# ASIC Engineer Interview Questions

ASIC engineer interview questions shared by candidates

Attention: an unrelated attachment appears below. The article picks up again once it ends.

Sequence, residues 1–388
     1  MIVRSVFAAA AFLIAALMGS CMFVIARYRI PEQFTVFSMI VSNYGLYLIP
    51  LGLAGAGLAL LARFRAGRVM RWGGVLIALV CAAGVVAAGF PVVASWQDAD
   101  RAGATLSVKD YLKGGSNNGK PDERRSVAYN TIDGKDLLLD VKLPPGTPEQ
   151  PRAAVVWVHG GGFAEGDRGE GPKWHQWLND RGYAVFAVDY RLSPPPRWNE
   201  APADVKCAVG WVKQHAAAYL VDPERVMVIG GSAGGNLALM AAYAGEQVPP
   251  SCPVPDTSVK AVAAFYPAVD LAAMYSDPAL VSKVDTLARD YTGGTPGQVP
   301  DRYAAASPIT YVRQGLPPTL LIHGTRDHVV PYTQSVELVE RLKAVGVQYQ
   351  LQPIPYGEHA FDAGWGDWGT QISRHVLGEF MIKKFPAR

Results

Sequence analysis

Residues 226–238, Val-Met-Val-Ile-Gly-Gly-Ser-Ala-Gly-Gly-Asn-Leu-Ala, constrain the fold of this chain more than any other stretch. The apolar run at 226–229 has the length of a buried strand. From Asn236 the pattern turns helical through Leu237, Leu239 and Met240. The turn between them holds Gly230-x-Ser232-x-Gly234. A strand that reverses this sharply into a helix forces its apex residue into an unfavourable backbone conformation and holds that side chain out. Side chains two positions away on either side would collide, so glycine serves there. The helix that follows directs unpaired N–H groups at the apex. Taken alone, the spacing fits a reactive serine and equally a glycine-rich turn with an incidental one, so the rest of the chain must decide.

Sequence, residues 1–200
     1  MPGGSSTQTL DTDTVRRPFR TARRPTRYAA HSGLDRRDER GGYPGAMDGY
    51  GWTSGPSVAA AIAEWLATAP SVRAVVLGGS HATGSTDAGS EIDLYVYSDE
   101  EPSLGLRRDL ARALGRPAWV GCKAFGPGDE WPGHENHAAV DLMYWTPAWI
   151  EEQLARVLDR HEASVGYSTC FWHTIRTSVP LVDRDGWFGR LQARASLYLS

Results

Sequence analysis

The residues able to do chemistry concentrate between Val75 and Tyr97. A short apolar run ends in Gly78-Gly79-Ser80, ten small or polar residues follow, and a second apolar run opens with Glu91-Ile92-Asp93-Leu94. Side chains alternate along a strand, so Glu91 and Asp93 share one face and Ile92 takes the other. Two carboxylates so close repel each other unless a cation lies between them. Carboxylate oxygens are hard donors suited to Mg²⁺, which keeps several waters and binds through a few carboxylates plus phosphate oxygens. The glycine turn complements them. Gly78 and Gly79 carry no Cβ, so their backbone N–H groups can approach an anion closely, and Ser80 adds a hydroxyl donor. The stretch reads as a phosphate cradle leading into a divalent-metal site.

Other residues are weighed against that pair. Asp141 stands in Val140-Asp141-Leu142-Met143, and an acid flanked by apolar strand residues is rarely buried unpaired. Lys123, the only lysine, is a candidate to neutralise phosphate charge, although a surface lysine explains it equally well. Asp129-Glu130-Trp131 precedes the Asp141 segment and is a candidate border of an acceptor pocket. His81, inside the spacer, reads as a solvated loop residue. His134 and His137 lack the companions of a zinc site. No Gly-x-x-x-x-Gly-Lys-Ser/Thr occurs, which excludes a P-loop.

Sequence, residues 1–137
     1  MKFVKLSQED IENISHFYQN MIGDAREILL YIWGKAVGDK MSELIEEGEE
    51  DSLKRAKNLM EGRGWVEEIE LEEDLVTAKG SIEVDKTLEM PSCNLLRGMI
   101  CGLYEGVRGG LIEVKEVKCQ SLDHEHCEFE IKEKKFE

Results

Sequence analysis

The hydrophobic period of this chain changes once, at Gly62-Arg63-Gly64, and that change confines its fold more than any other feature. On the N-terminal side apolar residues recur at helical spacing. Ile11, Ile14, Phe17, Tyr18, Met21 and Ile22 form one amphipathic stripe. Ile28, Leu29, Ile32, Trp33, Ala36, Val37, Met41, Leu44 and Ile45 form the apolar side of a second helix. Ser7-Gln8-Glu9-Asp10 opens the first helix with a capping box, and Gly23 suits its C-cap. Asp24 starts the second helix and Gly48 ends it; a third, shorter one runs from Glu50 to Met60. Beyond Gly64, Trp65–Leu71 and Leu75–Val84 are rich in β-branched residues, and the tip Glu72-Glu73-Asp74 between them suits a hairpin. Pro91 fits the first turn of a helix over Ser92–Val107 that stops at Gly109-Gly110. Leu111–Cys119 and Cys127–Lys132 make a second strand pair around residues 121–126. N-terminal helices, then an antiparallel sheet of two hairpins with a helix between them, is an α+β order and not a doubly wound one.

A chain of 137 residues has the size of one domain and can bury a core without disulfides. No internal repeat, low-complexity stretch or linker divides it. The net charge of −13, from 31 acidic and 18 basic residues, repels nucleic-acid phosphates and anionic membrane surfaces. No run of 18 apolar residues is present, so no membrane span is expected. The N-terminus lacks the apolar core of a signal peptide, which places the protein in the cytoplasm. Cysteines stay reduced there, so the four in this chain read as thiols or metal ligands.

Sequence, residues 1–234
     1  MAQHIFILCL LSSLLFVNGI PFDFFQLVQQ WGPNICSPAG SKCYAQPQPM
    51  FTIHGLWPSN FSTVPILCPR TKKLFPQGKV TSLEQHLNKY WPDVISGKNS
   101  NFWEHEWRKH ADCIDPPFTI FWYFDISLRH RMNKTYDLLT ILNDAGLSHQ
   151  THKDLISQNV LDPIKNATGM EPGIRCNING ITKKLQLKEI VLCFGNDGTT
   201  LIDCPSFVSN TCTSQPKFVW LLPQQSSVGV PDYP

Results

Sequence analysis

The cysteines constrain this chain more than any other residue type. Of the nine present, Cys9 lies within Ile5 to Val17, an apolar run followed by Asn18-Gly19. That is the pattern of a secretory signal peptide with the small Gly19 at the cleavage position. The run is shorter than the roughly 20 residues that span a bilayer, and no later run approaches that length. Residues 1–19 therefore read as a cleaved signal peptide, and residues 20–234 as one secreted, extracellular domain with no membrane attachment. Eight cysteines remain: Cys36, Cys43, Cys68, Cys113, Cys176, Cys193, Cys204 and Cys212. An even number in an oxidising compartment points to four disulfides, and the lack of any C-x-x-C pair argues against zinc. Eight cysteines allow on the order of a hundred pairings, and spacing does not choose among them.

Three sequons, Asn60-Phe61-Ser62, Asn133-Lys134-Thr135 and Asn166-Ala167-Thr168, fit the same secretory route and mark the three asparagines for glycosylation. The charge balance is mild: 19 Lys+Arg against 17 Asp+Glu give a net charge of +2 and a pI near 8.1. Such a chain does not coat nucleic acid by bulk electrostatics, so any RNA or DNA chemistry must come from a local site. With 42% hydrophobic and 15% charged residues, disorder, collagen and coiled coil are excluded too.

## Top Interview Questions

### ASIC Verification Engineer at Zoran was asked...